Just as Jesus had a work to do before His Father, we each are called to a specific work for which we will be judged and rewarded. We should not consider this as a lessening of the call of vocational ministry but to realize our strategic role as equippers of workplace believers who have the potential to transform families, workplaces, cities and nations. Church leaders have a tremendous opportunity to impact society through working people. There is no other institution where leaders in the six culture mountains of business, government, arts and entertainment, media, family, and education convene weekly. Pastors have a tremendous opportunity to equip leaders in these areas of influence to impact the culture in their communities.
The consequence of failing to affirm that every believer is a minister is that followers of Jesus in the workplace are made to feel like second-class spiritual citizens and they exist purely to support the ministry of their local church through their giving. In essence, they feel prostituted. However, when a pastor affirms the call of their members in the workplace, their spiritual self-esteem grows and they become more active in their faith. They will use their influence for Kingdom initiatives in their workplace, city and local church.
When I received Christ in 1974, I was a professional golfer. God gradually led me away from golf and into business. In 1980, I considered moving into “full-time” Christian work by attending a short-term Bible school to determine if I wanted to be a pastor. I served briefly as an assistant pastor at a church only to have the position removed. It was never God’s intention for me to be a pastor. Implied guilt, rather than a genuine call of God, led me to consider “vocational ministry.” I believed I might not be giving my all to God if I wasn’t in “full-time Christian ministry.”
I have learned since then that work truly is worship to God. If you are in a secular job that doesn’t violate Scripture, your vocation is just as important to God as full-time missionary work in India. God calls each of us to a vocation. He desires to use us for His Kingdom in that vocation.
The Value of Secular Work
In the Word in Life Study Bible, Pete Hammond provides some good insights into God’s view of this great divide—secular versus sacred work. God values our work even when the product has no eternal value. Christians often measure the significance of a job by its perceived value from the eternal perspective. Will the work last; will it “really count” for eternity? The implication is that God approves of work for eternity, but places little value on work for the here and now. By this measure, the work of ministers and missionaries has eternal value because it deals with people’s spiritual, eternal needs. By contrast, the work of a salesman, teller or typist has only limited value, because it meets only earthly needs. In other words, this kind of work doesn’t really “count” in God’s eyes. But this way of thinking overlooks several important truths.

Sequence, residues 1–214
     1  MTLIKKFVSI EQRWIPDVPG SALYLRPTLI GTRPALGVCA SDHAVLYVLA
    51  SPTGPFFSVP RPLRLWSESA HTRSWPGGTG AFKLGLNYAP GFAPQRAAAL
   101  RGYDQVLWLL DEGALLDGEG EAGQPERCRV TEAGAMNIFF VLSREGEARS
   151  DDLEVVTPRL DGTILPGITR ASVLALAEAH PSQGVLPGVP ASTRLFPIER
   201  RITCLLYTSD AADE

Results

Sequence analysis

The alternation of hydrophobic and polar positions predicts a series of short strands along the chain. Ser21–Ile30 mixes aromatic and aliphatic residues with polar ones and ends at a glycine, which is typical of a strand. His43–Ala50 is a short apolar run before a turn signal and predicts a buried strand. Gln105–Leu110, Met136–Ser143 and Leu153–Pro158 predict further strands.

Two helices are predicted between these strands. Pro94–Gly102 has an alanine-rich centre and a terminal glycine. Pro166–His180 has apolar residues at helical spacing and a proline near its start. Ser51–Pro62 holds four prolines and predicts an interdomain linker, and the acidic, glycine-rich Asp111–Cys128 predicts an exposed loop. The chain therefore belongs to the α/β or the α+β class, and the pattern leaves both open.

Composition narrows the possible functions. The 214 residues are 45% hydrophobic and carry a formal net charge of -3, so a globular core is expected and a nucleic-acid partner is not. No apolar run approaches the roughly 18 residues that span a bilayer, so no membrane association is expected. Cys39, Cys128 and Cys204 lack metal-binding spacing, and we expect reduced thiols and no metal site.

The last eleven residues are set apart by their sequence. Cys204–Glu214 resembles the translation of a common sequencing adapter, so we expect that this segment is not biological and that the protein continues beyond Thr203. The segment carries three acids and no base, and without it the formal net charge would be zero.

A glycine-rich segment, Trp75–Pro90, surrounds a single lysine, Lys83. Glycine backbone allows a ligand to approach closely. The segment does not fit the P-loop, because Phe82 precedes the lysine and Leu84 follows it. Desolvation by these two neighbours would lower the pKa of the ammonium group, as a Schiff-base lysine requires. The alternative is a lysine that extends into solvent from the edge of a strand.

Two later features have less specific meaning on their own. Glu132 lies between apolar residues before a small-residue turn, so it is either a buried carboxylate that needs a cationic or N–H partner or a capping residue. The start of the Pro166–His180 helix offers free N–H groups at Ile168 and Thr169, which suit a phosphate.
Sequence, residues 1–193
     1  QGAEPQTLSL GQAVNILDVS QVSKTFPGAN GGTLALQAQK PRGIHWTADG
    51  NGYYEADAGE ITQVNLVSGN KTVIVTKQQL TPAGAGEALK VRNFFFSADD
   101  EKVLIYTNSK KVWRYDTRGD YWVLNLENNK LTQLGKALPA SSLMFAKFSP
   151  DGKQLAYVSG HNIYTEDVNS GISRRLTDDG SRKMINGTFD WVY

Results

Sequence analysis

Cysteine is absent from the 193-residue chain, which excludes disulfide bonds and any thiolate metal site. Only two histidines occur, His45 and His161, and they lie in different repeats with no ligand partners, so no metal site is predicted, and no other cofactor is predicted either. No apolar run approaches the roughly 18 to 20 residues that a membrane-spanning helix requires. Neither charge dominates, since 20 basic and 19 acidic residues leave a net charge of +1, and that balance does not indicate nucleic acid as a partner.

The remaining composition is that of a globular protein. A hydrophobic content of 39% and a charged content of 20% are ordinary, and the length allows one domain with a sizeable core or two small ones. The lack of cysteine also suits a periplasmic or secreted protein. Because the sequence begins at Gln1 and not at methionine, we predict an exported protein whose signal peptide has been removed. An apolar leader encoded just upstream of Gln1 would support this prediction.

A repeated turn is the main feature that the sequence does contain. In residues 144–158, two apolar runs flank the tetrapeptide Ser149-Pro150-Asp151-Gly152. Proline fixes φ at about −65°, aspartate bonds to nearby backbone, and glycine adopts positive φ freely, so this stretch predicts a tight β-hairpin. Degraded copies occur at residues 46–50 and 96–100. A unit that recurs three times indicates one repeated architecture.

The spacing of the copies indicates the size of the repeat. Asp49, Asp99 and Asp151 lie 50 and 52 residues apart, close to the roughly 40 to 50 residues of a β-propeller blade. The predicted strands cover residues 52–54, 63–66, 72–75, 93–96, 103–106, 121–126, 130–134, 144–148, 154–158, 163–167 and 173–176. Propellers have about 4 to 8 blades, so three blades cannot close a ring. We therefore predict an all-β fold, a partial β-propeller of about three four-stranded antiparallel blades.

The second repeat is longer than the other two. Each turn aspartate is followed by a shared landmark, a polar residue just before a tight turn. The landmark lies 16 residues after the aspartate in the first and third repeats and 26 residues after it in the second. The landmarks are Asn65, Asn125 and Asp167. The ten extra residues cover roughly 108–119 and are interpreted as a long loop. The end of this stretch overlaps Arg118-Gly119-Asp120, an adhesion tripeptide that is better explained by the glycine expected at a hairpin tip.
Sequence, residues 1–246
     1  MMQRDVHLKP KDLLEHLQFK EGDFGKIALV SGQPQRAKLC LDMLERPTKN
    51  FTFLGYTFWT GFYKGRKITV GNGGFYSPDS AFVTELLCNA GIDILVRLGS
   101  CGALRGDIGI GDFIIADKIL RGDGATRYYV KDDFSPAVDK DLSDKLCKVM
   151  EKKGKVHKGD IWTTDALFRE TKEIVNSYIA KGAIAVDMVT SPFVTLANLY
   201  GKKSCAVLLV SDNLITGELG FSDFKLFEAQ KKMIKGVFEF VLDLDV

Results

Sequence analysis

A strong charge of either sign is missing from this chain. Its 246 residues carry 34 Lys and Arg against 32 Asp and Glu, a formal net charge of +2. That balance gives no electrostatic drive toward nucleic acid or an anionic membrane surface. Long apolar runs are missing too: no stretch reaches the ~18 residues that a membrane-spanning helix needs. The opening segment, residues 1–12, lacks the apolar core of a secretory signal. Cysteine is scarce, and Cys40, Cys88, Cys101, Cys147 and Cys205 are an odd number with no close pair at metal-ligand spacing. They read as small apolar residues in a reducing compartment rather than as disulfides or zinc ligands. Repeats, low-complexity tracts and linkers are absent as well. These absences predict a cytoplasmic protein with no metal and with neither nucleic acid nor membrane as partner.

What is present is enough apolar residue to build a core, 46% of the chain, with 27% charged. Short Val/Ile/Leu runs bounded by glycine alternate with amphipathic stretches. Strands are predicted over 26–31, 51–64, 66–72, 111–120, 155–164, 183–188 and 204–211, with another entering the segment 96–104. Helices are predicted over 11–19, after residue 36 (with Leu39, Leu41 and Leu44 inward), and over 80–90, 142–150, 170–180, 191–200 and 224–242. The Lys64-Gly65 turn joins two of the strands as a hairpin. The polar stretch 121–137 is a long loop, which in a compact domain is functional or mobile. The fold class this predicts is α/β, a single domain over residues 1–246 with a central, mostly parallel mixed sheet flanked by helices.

1. God Himself has created a world that is time-bound and temporary (2 Peter 3:10,11). Yet He values His work, declaring it to be “very good,” by its very nature (Gen. 1:31; Acts 14:17).
2. God promises rewards to people in everyday jobs, based on their attitude and conduct (Eph. 6:8; Col. 3:23-4:1).
3. God cares about the everyday needs of people as well as their spiritual needs. He cares whether people have food, clothing and shelter.
4. God cares about people who will enter eternity. To the extent that a job serves the needs of people, God values it, because He values people.
Skillful work is a ministry unto the Lord. Do you see a man skilled in his work? He will serve before kings; he will not serve before obscure men (Prov. 22:29 NIV).
The Lord has called each of us to be excellent in what we do. Those whom God used in the Kingdom as workplace ministers were skilled and exemplified excellence in their fields. Not only were these men skilled, they were filled with God’s Spirit. Then the Lord said to Moses, “See, I have chosen Bezalel son of Uri, the son of Hur, of the tribe of Judah, and I have filled him with the Spirit of God, with skill, ability and knowledge in all kinds of crafts—to make artistic designs for work in gold, silver and bronze, to cut and set stones, to work in wood, and to engage in all kinds of craftsmanship” (Ex. 31:1-5).
Consider Huram, the master craftsman of bronze to whom Solomon entrusted much of the temple designs. He was a true master craftsman (see 1 Kings 7:14).
Consider Joseph, whose skill as an administrator was known throughout Egypt and the world. Consider Daniel, who served his king with great skill and integrity.
The list could go on—David (soldier and king), Nehemiah (government worker), Aquila and Priscilla (tentmakers). Most of these were in the “secular” world of work providing a needed service.
It is important for church leaders to help break down this wall of separation. Your people need to know they have a workplace calling that is as important as your calling to a vocational ministry. They need to be affirmed and valued as ministers in their spheres of influence. They need to feel they are not “second-class citizens.” It is time to affirm the workers in your congregation as men and women on a mission from God, in their workplaces where they spend 60 to 70 percent of their time. Whatever you do, work at it with all your heart, as working for the Lord, not for men, since you know that you will receive an inheritance from the Lord as a reward. It is the Lord Christ you are serving (Colossians 3:23,24).
Os Hillman is author of Faith and Work: What every church leader should know, Change Agent and TGIF Today God Is First. Continue the conversation with Os at TodayGodIsFirst.com with his free daily devotional for men and women in the workplace.